Parlaying an internship into a permanent position was how civil engineering graduate Melinda Ferullo landed full-time work at Watermark Environmental in Lowell. After interning at the company last summer, Ferullo got an offer for a full-time position in February. She is now working on groundwater monitoring projects.
“I love it. I am still learning every day,” she says.
Using Campus Resources
While their courses of studies and their interests vary widely, the graduates who found jobs cite common strategies in preparing for the workforce: Practical experience, extracurricular activities, networking with alumni and other professionals and getting help from the University’s Career Services and Cooperative Education Center
Muthini says Career Services staff provided useful feedback on his résumé and helped him prep for his interviews at Boston Medical Center.
“They gave me tips on typical questions and gave me suggestions about how to appear confident,” he says. “Being prepared for an interview shows you are someone who is ready to work.”
Students looking for jobs can still get help from Career Services. In-person counseling as well as online resources like CareerLink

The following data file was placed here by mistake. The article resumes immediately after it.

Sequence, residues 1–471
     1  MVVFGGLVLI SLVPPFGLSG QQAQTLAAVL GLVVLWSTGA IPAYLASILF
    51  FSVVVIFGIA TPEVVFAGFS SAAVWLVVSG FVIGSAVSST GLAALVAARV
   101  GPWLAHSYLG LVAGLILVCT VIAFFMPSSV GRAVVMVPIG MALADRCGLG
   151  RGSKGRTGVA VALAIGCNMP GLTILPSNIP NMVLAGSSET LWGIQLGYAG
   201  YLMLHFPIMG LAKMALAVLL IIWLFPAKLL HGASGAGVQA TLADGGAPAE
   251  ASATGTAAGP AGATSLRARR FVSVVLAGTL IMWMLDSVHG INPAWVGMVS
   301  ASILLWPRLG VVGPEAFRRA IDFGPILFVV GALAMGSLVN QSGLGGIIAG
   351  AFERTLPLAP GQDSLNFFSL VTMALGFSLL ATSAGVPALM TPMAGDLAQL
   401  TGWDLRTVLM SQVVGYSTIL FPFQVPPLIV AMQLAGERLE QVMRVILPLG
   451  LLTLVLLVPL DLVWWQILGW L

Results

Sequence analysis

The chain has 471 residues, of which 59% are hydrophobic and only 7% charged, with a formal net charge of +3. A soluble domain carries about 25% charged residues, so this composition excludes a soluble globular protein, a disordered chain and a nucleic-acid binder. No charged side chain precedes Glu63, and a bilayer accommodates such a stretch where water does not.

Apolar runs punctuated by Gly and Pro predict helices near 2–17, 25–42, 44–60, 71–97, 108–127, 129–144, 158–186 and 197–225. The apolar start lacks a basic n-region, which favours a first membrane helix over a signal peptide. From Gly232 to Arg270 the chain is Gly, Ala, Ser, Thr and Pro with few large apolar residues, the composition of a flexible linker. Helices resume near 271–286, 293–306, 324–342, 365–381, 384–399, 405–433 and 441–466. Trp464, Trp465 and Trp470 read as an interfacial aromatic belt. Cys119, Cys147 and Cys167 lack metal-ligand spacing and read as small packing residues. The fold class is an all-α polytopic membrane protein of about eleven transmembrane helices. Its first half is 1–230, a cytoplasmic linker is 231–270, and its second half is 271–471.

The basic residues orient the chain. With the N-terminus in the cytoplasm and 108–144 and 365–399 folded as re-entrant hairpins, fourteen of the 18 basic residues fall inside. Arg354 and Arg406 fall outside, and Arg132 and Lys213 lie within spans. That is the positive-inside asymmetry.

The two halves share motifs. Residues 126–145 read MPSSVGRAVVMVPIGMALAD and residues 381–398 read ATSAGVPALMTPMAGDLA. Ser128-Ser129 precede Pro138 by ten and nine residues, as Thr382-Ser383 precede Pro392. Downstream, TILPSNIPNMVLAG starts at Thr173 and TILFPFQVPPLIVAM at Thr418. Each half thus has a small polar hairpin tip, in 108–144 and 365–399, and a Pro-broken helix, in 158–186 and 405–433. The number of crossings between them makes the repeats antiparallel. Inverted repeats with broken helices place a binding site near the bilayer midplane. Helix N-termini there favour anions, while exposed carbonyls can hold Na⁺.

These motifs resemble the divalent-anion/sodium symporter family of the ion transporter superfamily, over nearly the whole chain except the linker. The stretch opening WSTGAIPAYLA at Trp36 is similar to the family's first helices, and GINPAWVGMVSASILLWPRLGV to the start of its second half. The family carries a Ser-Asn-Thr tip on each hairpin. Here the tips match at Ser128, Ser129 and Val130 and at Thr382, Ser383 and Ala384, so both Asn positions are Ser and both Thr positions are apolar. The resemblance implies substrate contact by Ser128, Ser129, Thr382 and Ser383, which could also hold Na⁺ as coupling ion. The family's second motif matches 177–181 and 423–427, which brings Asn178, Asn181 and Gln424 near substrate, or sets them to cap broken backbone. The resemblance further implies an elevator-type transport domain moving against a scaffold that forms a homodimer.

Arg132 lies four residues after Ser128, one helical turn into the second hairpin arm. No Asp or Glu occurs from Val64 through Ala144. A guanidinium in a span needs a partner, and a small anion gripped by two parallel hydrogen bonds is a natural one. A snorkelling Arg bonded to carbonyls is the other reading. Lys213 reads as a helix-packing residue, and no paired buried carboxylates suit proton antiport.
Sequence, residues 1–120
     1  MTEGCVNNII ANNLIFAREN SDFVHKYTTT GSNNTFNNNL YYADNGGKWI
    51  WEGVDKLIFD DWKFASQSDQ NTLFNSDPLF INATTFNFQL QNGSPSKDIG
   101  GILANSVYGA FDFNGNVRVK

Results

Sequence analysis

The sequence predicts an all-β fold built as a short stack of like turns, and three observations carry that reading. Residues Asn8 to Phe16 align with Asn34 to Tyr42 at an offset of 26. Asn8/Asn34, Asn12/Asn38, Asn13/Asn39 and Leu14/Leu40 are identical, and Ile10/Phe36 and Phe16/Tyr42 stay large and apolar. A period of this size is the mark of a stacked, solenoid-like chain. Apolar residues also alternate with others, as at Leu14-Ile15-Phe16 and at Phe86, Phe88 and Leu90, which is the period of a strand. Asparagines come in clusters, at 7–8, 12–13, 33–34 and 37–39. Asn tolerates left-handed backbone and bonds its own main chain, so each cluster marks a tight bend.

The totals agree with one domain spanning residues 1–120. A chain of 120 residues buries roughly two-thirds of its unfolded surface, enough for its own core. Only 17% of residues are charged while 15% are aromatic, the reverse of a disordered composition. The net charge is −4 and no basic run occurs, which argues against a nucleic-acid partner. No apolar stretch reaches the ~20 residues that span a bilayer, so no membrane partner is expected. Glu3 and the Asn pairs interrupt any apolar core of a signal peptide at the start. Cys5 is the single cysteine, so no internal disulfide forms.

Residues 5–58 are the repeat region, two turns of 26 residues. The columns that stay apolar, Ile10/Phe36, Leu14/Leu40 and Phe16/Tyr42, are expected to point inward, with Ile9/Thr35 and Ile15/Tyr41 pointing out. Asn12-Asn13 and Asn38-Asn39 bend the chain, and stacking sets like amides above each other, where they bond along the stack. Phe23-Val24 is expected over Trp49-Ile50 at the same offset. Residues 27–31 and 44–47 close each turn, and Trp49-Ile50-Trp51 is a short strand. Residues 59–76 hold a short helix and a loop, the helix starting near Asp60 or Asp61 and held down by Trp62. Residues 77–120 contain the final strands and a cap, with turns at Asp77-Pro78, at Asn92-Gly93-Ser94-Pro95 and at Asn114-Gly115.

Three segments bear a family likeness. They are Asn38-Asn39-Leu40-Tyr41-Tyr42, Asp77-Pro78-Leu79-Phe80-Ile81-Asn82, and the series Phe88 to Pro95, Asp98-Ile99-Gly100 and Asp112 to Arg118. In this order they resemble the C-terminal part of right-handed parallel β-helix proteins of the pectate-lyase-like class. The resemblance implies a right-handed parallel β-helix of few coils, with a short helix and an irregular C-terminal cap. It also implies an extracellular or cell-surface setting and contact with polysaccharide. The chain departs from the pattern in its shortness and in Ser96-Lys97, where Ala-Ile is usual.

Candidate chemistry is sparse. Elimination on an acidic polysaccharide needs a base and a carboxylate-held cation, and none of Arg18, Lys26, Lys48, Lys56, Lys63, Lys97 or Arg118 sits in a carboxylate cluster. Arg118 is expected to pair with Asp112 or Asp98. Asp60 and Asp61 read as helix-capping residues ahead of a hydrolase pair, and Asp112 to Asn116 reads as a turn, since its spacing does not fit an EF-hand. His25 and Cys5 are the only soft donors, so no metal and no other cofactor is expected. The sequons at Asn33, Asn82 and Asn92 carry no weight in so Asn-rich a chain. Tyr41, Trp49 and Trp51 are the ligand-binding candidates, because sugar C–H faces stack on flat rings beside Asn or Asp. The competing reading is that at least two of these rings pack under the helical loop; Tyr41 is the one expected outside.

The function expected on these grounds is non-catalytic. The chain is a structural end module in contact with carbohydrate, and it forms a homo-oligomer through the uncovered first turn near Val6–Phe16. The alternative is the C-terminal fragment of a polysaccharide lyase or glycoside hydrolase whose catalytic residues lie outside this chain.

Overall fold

, a recruitment program, and InterviewStream
, a platform for practicing video interviews, are available to graduates even after they leave campus, says Assistant Dean of Career Development Patricia Yates. In fact, in recent years, the number of alumni using Career Services has steadily grown, she says. Graduates can also join the UMass Lowell alumni network on LinkedIn
, where jobs are often posted and through which mentoring is available.
Graduates should also consider volunteer work to learn new skills and expand their contacts while they are looking for a permanent job, Yates advises.
“Employers hire people; they don’t hire a piece of paper. You need to network,” she says.